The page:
Some of you are with me on this: The dinner and nighttime details involved in caring for young children are time consuming and exhausting. Only by God's grace has story time--something I consider foundational--survived at all.
My boys, ages 7 and 9, listen in, too, at picture book time, but they also have their own story time after the girls go to sleep.
Of the fifteen books, we generally find two to three real keepers. Tonight we read Teddy Bear Tears, by Jim Aylesworth, 1997, which I'll review tonight.
I can always tell when the book will be a favorite.
All the wiggles stop.
The room quiets except for my story voice.
All eyes and minds are in the book, as though we've traveled to the setting. (Don't imagine my two year old staying in my lap, mind you--seven minutes tops!)
About halfway through, one of the boys will declare in a knowing, literary-lovin' voice, "This book is really good!"
When the last page is turned, and we realize we've reached the end, Mary can't take it.
"Read it again, Mommy!"
I will never tire of reading picture books to children. When I'm far older and white-haired, I'll beg to read daily to my own grandchildren, or even to children at the local library.
Teddy Bear Tears, tonight's favorite, is about a little boy with four teddy bears.
"The little boy loved them all very much, and every night they slept together in a big, cozy bed.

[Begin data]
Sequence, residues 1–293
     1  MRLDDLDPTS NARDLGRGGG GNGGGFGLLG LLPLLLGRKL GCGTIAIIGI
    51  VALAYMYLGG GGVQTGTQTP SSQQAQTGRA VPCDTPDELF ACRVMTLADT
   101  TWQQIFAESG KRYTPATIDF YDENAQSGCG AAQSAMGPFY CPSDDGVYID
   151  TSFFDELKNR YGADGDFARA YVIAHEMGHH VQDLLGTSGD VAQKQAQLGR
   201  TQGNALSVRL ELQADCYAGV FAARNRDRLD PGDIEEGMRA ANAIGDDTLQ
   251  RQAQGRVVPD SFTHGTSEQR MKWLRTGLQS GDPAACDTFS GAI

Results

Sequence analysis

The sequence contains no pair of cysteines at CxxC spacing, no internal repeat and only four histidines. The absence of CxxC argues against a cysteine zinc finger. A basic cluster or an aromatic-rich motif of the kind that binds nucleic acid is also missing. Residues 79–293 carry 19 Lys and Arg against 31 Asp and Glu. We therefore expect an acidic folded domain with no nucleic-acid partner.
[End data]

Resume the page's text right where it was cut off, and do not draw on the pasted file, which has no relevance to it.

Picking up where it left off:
And some nights, there were tears."
Each teddy bear starts crying, in turn, about some nighttime fear. The boy listens attentively, and then he turns on the light, patiently showing the scared teddy that there's only dust and puzzles pieces under the bed, or that there's only moonlight, moths, and wind outside.
"Don't be scared," said the little boy, getting out of bed and carrying Willie Bear to the window. "See how pretty it is out there in the moonlight? See how the stars shine and how the wind moves the trees?"
Willie Bear nodded.
"Well, that wind makes noise, but it's nothing to be scared of. And sometimes there's a cat out poking around, or maybe a moth bumping against the screen. They make noises, too, but there's nothing out there that would hurt a little bear."
The bears' fears, of course, are really the boy's fears. He soothes himself as he comforts his beloved bears.
Finally, after the last bear has been soothed and tucked close to the boy, they bid each other good night, and the boy falls fast asleep.
"He tucked Willie Bear up real close on one side and Fuzzy up real close on the other side. Ringo and Little Sam he put up on top. Then he put his arms around them all.
"Good night, you guys," said the little boy. "I love you."
"We love you, too," said the bears.
And then, after only a moment more, the boy was sound asleep....and dreaming very pleasant dreams.
What did I tell you? A real keeper, huh? We loved it!
Enjoy! And have a nice weekend!